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The Effect of Body Mass Index on Oncological and Surgical Outcomes in Patients Undergoing Radical Cystectomy for Bladder Cancer: A Multicenter Study of the Association of Urooncology, Turkey
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  • Volkan Izol,
  • Mutlu Deger,
  • Sumer Baltacı,
  • Murat Akgul,
  • İsmail Selvi,
  • Ender Ozden,
  • Evren Suer,
  • Mustafa Tansug
Volkan Izol
Cukurova University Faculty of Medicine
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Mutlu Deger
Cukurova University Faculty of Medicine
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Sumer Baltacı
Ankara University Faculty of Medicine
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Murat Akgul
Namik Kemal University Faculty of Medicine
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İsmail Selvi
Ankara Kecioren Training and Research Hospital
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Ender Ozden
Ondokuz Mayis University Faculty of Medicine
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Evren Suer
Ankara University Faculty of Medicine
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Mustafa Tansug
Cukurova University Faculty of Medicine
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Abstract

Objective: We aimed to evaluate the effect of body mass index (BMI) on oncological and surgical outcomes in patients who underwent radical cystectomy (RC) for bladder cancer (BC). Materials and Methods We retrospectively assessed data from patients who underwent RC with pelvic lymphadenectomy and urinary diversion for BC recorded in the bladder cancer database of the Urooncology Association, Turkey between 2007 and 2019. Patients were stratified into three groups according to the BMI cut-off values recommended by the WHO; Group 1 (normal weight, <25 kg/m2), Group 2 (overweight, 25.0–29.9 kg/m2) and Group 3 (obese, ≥30 kg/m2) Results In all, 494 patients were included, of them 429 (86.8%) were male and 65 (13.2%) were female. The median follow-up was 24 months (12-132 months). At the time of surgery, the number of patients in groups 1, 2 and 3 were 202 (40.9%), 215 (43.5%) and 77 (15.6%), respectively. The mean operation time and time to postoperative oral feeding were longer and major complications were statistically higher in Group 3 compared to Groups 1 and 2 (p=0.019, p<0.001 and p=0.025 respectively). Although the mean overall survival (OS), cancer-specific survival (CSS), recurrence-free survival (RFS) and metastasis-free survival (MFS) was shorter in cases with BMI ≥30 kg/m2 compared with other BMI groups, differences were not statistically significant (p=0.532, p=0.309, p=0.751 and p=0.213 respectively). Conclusion Our study showed that, although major complications are more common in obese patients, the increase in BMI does not reveal a significant negative effect on OS, CSS, RFS, and MFS.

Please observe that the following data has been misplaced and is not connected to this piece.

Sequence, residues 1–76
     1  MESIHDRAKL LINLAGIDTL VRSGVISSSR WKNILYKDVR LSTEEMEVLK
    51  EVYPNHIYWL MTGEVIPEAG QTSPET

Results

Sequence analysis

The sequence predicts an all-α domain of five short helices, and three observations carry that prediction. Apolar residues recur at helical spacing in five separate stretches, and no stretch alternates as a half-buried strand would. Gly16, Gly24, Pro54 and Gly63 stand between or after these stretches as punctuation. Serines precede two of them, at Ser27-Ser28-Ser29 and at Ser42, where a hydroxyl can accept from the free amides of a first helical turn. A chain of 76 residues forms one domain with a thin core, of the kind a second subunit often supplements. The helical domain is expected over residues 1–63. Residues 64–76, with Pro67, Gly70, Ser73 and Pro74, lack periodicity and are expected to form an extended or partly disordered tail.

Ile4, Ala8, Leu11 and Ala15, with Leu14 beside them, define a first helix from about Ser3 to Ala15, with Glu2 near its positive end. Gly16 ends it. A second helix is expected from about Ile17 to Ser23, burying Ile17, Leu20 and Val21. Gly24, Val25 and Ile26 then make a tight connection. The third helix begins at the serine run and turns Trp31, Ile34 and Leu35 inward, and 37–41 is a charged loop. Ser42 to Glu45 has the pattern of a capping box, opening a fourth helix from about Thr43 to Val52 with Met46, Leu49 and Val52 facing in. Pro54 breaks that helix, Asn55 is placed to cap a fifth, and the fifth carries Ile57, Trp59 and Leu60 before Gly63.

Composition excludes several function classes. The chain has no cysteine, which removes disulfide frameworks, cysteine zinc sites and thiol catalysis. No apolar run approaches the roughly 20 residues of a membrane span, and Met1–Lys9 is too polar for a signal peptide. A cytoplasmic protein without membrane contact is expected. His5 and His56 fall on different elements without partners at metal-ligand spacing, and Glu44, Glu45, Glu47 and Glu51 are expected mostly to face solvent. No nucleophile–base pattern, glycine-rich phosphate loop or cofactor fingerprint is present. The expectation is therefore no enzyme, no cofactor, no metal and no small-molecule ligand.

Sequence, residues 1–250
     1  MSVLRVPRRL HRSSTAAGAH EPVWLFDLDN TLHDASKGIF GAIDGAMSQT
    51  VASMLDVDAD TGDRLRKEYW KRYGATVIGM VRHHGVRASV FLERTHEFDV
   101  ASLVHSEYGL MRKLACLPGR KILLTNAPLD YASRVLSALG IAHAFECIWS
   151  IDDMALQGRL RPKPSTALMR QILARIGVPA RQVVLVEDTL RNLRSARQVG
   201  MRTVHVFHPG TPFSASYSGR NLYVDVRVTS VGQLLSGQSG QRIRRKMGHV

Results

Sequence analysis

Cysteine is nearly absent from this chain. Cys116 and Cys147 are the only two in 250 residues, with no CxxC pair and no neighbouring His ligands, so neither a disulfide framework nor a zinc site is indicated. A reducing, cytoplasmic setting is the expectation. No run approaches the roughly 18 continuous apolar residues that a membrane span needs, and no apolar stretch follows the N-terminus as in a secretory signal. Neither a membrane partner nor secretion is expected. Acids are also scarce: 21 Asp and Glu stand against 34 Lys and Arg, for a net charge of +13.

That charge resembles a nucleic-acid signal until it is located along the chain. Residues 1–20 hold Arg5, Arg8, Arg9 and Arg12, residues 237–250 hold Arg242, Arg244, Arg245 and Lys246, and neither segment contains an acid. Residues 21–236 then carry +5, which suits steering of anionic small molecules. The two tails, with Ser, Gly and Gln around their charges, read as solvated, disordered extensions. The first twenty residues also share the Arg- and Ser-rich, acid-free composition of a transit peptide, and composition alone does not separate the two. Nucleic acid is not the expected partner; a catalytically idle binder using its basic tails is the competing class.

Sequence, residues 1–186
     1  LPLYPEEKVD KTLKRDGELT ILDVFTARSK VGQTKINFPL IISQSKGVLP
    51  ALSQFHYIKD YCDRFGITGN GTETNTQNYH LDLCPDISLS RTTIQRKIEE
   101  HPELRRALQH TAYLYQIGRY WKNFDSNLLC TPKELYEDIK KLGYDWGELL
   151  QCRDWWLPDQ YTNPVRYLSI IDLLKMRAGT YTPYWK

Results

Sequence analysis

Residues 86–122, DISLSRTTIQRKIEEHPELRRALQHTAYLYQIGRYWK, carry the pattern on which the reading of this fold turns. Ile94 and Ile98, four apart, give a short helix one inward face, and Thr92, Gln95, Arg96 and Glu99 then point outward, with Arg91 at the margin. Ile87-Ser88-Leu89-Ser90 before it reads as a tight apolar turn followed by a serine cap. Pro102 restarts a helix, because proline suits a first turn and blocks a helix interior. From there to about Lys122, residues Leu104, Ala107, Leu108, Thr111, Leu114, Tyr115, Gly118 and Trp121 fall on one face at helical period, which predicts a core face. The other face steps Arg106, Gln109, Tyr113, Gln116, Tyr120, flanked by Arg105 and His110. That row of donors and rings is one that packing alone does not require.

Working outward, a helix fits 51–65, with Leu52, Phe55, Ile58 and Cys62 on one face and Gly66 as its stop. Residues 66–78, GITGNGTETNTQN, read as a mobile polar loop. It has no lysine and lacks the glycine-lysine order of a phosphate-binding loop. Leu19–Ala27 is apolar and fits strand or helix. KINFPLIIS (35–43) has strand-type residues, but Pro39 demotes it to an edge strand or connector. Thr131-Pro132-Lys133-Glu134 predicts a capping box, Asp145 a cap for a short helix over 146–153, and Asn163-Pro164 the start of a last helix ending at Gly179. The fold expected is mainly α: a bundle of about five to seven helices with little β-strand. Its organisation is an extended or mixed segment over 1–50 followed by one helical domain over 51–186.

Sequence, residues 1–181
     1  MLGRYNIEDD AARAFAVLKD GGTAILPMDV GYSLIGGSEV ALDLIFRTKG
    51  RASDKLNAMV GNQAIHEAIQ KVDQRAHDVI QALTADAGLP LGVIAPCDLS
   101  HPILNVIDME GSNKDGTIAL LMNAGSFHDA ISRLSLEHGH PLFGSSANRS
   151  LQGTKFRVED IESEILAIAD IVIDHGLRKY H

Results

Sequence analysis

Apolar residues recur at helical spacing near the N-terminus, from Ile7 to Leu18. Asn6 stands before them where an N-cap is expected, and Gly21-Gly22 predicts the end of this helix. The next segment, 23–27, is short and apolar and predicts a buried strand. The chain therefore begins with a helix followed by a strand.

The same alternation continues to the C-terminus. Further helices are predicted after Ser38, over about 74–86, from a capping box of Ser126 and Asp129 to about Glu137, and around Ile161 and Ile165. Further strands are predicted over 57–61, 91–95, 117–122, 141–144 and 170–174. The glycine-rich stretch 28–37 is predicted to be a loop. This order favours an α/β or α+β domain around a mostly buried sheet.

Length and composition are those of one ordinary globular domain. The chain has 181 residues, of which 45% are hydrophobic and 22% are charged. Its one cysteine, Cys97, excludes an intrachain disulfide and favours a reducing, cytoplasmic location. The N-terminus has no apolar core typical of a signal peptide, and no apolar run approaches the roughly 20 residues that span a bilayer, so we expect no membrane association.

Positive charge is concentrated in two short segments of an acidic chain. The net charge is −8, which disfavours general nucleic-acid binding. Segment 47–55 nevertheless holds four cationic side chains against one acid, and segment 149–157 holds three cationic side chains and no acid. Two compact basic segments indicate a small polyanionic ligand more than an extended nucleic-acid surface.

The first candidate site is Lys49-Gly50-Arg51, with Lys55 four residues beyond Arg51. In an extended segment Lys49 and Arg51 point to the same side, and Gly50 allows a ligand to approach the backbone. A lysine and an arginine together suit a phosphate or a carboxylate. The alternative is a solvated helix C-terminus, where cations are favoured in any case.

Peer review status:ACCEPTED

24 Aug 2020Submitted to International Journal of Clinical Practice
24 Aug 2020Submission Checks Completed
24 Aug 2020Assigned to Editor
31 Aug 2020Reviewer(s) Assigned
04 Sep 2020Review(s) Completed, Editorial Evaluation Pending
11 Sep 20201st Revision Received
11 Sep 2020Submission Checks Completed
11 Sep 2020Assigned to Editor
11 Sep 2020Reviewer(s) Assigned
13 Sep 2020Review(s) Completed, Editorial Evaluation Pending
23 Sep 2020Editorial Decision: Accept